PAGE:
AI – der Problembär der Arbeitswelt? (BBC Worklife)


Transparenz, Berechenbarkeit und Nachvollziehbarkeit - Werte, die im Verhältnis Arbeitgeber zu Arbeitnehmern eine gewichtige Rolle spielen: Wer kriegt den Job? Wer macht ihn am besten? Wer kriegt was für seine Leistung bezahlt? Wer muss wieder gehen? Transparenz ist auch ein Gütesiegel für eine moderne Unternehmenskultur und muss von der Führung im Innen- wie im Außenverhältnis vorgelebt werden.

Was sagt meine Studie Werte in der Arbeitswelt 2020 dazu? ArbeitnehmerInnen aus der DACH-Region halten viel auf Transparenz, jedoch meinen sie, dass Transparenz bei ihren Arbeitgebern keine Bedeutung hat. Eine durchschnittliche Unternehmenskultur ist demnach nicht von Transparenz gekennzeichnet (die Gründe dafür wurde in dieser quantitativen Studie nicht erhoben). Die jüngsten Finanzskandale wie Wirecard und Commerzialbank Mattersburg oder Misswirtschaftsfälle im öffentlichen Sektor (zB Abfallwirtschaftsverband Liezen) scheinen dieses Urteil der StudienteilnehmerInnen zu bestätigen: Unsere Unternehmen haben noch viel zu tun, um zu einer Transparenzkultur zu kommen.

Die Arbeitswelt muss sich derzeit mit einem neuen Player arrangieren: der künstlichen Intelligenz. Wie disruptiv diese neue Technologie ist, wie sie Arbeitsverhältnisse beeinflusst und was sie mit Werten wie Transparenz zu tun hat, beleuchtet folgender Artikel der BBC Worklife Redaktion (25.3.2021).


AI at work: Staff 'hired and fired by algorithm'

The Trades Union Congress (TUC) has warned about what it calls “huge gaps” in UK employment law over the use of artificial intelligence at work.


The TUC said workers could be “hired and fired by algorithm”, and new legal protections were needed. Among the changes it is calling for is a legal right to have any “high-risk” decision reviewed by a human. TUC general secretary Frances O’Grady said the use of AI at work stood at “a fork in the road”. “AI at work could be used to improve productivity and working lives. But it is already being used to make life-changing decisions about people at work - like who gets hired and fired. “Without fair rules, the use of AI at work could lead to widespread discrimination and unfair treatment – especially for those in insecure work and the gig economy,” she warned.

Many workplaces already use automated decision making for simple tasks. For example, Uber assigns driving jobs to its drivers automatically, by computer, and Amazon is known to use AI monitoring systems to watch its staff in its warehouses. And many firms already use an automated system with no human oversight in the first stage of the hiring process, to narrow the field.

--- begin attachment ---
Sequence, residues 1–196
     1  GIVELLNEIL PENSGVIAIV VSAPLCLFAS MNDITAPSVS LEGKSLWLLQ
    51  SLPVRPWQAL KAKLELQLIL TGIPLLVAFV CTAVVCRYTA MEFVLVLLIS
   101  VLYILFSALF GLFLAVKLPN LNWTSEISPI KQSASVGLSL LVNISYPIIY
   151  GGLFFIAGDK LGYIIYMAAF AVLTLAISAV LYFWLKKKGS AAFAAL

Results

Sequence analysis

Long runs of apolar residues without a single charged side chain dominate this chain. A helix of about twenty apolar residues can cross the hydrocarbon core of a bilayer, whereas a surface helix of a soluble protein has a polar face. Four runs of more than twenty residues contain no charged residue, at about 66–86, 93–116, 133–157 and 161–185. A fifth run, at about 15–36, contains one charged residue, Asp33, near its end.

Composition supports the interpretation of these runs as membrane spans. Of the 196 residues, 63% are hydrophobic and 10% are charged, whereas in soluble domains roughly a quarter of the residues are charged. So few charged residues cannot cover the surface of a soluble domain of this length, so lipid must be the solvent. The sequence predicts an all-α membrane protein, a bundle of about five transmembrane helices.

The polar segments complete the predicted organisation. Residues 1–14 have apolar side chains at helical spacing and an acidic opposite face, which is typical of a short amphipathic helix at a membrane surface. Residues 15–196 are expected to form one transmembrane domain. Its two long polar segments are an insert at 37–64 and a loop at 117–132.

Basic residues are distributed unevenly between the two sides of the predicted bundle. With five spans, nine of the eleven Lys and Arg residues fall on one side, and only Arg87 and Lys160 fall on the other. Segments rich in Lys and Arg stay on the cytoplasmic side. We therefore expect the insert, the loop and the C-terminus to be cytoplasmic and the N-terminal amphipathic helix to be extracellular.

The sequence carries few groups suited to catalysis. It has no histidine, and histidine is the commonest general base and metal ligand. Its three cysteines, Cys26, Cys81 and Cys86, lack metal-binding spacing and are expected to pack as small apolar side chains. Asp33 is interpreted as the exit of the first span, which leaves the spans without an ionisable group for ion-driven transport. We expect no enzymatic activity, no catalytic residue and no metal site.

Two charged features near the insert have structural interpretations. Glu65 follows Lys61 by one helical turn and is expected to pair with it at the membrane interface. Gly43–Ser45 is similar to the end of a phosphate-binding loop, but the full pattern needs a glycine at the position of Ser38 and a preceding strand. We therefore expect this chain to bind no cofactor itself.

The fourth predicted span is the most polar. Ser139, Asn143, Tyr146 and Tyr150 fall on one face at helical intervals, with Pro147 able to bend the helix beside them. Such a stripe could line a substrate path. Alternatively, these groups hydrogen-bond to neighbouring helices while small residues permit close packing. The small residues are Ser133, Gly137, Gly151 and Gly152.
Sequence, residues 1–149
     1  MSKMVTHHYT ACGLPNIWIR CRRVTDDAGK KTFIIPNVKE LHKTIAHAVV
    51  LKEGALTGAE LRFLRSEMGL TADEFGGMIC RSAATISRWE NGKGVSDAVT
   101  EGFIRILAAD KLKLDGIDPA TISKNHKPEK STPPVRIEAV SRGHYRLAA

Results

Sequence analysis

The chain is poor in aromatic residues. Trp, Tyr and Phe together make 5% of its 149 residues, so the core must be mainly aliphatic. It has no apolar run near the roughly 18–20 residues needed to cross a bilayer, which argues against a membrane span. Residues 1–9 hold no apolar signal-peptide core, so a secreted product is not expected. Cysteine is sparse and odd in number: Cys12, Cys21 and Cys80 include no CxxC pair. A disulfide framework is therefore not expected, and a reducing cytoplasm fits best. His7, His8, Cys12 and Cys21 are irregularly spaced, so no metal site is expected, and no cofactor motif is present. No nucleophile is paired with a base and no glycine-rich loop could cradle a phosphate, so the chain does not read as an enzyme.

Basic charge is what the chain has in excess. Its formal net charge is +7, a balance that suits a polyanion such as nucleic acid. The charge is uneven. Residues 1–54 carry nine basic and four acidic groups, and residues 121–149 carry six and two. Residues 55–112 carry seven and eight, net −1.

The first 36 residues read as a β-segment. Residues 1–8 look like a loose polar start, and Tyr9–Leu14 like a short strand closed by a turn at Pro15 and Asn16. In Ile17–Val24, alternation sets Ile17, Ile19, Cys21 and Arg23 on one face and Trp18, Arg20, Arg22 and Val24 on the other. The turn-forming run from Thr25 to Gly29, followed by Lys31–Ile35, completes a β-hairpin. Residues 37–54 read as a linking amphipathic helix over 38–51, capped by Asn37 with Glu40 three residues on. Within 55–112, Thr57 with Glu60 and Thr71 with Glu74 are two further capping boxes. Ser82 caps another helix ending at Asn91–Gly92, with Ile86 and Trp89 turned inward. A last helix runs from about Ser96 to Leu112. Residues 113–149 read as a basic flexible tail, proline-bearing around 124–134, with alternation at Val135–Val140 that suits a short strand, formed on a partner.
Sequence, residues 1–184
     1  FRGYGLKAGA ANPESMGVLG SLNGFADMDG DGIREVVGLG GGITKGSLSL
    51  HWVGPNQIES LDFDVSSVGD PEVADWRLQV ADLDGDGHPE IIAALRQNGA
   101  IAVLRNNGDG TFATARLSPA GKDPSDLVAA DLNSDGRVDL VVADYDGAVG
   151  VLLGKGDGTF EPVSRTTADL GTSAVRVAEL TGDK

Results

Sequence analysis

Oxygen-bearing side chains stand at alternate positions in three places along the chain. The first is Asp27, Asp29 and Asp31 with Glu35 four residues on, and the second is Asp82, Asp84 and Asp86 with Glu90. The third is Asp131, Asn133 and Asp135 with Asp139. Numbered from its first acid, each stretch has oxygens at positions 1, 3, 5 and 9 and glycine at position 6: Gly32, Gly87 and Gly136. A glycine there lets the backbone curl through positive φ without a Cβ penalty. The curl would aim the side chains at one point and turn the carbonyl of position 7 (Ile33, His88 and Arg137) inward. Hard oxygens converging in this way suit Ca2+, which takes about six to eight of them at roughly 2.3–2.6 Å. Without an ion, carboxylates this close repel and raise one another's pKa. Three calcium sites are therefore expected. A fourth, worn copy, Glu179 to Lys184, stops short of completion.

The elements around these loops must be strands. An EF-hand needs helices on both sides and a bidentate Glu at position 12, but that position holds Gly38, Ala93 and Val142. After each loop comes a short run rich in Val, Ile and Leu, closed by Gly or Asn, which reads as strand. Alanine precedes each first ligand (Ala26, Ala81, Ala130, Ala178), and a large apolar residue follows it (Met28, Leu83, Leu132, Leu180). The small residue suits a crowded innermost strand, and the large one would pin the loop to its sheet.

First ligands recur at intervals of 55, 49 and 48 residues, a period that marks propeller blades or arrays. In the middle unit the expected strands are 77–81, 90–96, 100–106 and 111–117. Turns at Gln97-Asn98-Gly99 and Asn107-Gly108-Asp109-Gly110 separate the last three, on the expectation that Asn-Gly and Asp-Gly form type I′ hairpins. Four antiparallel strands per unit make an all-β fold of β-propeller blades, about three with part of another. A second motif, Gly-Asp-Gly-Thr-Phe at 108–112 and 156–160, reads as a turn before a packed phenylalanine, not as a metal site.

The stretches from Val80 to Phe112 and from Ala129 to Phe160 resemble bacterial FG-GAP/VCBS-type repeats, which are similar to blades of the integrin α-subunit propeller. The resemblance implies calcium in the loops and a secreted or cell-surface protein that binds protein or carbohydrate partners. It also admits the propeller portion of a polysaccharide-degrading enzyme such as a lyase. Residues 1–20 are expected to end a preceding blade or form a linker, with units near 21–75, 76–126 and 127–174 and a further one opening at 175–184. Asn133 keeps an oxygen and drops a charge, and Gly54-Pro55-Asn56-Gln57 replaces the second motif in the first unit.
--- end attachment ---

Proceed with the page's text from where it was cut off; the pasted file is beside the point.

The computers rejecting your job application

Computer says go: Taking orders from an AI boss

But as AI becomes more sophisticated, the fear is that it will be entrusted with more serious, high-risk decisions, such as analysing those performance metrics to figure out who should be first in line for promotion – or being let go.

That can happen even when a human is involved, a TUC report warns, thanks to automated decision making. “A human might undertake some formal task, such as handling a document, but the human agency in the decision is minimal,” the authors write. “Sometimes the human decision making is largely illusory, for instance where a human is ultimately involved only in some formal way in the decision what to do with the output from the machine.” The TUC’s report, written with the aid of employment rights lawyers and the AI Law Consultancy, argues that the law has failed to stay abreast of quick progress in AI in recent years.

The union body is calling for:

Discrimination by algorithm has been well-documented in recent years, often as an unintentional side-effect of using systems that fail to account for racial bias. One high-profile example is in facial recognition technology, which has in the past been trained to recognise white faces more easily than those from other backgrounds. Such problems led IBM to abandon some of its efforts with the technology last year, labelling it as “biased”. The TUC also pointed to recent reports of allegations from delivery drivers for Uber Eats who claimed they had been fired because the facial recognition software was unable to recognise their faces. That led to drivers with 100% ratings and thousands of deliveries under their belts being fired for failing to complete an ID check, the affected drivers claimed. Uber denies this, saying a human review is always involved before it drops drivers from its platform.

The authors of the report for the TUC, Robin Allen and Dee Masters from Cloisters law firm, said while AI could be beneficial, “used in the wrong way it can be exceptionally dangerous”. “Already important decisions are being made by machines,” the pair said in a joint statement.

“Accountability, transparency and accuracy need to be guaranteed by the legal system through the carefully crafted legal reforms we propose. There are clear red lines, which must not be crossed if work is not to become dehumanised.”


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